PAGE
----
The market for healthcare investment and medical technology
Did you know that the first dental treatment was carried out more than 14,000 years ago in a rock cave two hours’ drive north of Bolzano? It was a masterpiece that was performed there with a pointed stone blade. If you like, a very early testimony to medical technology. The first amalgam tooth fillings were made in China as early as the 7th century. That, too, is a milestone in medicine and medical technology. Today, companies like the Swiss TRI Dental Implants are writing medical technology history in the dental field: with the introduction of a completely new type of dental implant system matrix®.
In its readable text “History and Trends in Medical Technology”, the industry association BVMed assumes that the first medical products included leaves and pieces of tree bark, which were used by our ancestors to stop bleeding and treat wounds. Medical technology and medical devices have long played a major role in healthcare, alongside medical skills. Let us think, for example, of the physician Sir Joseph Lister (1827 – 1912), who in 1867 published a procedure for disinfecting the entire operating theatre environment and is today considered the father of antisepsis. Other products from the medical technology sector that we are all familiar with are, for example: syringes, scalpels, hip and knee implants, pacemakers and stents or, most recently, healthcare apps such as the app from Selfapy, which can help patients with depression. In the equipment sector, we are all familiar with ultrasound devices or highly sensitive endoscopes, such as those produced by the Blazejewski company in 2D and 3D versions for the world market.
Medium-sized, innovative, agile
With its medical technology, healthcare, life science and pharmaceutical sectors, the health industry in Germany (but also in Europe) is one of the most important economic sectors. With 364.5 billion euros (forecast 2020 by the Federal Ministry of Health), this versatile and extremely innovative sector generates 12.1 percent of the gross domestic product.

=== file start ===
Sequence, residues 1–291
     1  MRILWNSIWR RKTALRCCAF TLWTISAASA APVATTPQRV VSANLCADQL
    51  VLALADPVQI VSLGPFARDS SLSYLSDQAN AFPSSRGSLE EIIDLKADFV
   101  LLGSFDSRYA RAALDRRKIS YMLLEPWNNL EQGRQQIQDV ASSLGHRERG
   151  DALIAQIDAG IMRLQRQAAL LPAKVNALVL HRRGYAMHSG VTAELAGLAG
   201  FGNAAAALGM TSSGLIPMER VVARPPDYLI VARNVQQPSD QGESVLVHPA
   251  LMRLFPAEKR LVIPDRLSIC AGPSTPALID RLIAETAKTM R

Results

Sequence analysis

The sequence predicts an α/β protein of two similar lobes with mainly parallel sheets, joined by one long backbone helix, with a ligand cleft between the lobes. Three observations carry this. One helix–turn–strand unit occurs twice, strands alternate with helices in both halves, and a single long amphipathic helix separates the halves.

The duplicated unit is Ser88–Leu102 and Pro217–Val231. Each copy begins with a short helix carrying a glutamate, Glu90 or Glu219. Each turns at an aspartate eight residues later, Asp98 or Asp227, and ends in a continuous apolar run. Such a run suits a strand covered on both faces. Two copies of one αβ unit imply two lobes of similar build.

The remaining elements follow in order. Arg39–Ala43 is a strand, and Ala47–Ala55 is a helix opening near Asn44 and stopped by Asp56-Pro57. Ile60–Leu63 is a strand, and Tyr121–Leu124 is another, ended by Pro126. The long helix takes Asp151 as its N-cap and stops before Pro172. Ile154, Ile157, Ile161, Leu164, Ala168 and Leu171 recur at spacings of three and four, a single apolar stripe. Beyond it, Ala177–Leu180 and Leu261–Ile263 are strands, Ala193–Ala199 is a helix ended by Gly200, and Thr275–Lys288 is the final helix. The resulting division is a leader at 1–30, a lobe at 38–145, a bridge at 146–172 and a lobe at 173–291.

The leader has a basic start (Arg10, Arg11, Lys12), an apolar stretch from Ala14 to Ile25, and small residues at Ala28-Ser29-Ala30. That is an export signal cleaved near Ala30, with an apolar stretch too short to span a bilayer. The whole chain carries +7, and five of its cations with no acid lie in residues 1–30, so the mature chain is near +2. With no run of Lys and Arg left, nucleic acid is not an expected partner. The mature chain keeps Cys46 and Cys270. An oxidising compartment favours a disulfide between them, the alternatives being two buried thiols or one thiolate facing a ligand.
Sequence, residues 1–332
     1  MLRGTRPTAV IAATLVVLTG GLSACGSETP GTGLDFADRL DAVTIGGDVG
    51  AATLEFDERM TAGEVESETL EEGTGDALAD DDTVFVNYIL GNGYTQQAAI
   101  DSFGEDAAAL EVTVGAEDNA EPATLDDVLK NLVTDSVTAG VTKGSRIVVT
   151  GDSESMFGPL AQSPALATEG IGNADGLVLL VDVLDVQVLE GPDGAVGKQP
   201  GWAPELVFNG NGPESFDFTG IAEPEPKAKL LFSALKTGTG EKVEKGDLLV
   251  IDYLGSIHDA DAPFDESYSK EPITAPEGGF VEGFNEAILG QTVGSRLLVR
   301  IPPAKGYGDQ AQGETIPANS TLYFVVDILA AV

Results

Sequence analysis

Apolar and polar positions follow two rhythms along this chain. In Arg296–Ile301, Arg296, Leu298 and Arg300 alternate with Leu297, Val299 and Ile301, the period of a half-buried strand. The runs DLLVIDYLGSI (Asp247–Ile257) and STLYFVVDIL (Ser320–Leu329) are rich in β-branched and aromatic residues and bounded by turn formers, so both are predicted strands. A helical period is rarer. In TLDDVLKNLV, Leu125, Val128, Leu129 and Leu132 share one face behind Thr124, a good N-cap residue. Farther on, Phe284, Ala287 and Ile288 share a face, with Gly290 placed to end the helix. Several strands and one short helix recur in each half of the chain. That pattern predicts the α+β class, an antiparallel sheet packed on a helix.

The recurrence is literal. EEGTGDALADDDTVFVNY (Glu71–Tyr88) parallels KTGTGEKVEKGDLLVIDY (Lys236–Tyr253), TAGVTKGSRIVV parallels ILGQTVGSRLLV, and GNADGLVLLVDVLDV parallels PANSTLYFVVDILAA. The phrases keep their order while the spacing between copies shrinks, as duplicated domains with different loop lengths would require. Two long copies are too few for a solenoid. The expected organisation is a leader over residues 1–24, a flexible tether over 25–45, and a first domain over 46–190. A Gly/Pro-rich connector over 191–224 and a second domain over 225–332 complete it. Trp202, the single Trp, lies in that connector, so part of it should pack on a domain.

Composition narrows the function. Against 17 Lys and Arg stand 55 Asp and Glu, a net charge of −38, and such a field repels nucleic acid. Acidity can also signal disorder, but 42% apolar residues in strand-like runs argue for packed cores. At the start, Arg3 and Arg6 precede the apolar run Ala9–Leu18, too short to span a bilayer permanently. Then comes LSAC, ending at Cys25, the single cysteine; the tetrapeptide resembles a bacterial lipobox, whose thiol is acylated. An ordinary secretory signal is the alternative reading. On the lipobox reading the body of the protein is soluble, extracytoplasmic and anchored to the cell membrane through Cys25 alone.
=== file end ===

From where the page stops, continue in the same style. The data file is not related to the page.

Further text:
The importance of the entire healthcare sector with all its sub-sectors is demonstrated not least by the Corona pandemic. A stable medtech and healthcare sector has an important role to play in coping with this enormous medical challenge. Politicians and the population have recognised this.
In addition to a health care system that is one of the best in the world, the industrial sector of the health economy, i.e. the medtech and healthcare industry, plays a major role. According to the Federal Ministry of Health, the industrial health economy (iGW) accounts for 20.6 percent of the total health economy. This market includes such diverse areas as medical devices, hospital technology, imaging and other diagnostics, biotech/life science, medical informatics, retail and wholesale services and – increasingly important – e-health products and digital applications.
The sector is not very cyclical, is highly innovative and is also a job engine for the entire German economy. Around 1.0 million people are currently employed in the iGW in Germany, which is around 100,000 more than in 2011. The industry association BVMed names the following as the central key sectors of the industrial health economy: pharmaceuticals, medtech, R&D and e-health, which generated a total of 81.2 billion euros in 2019.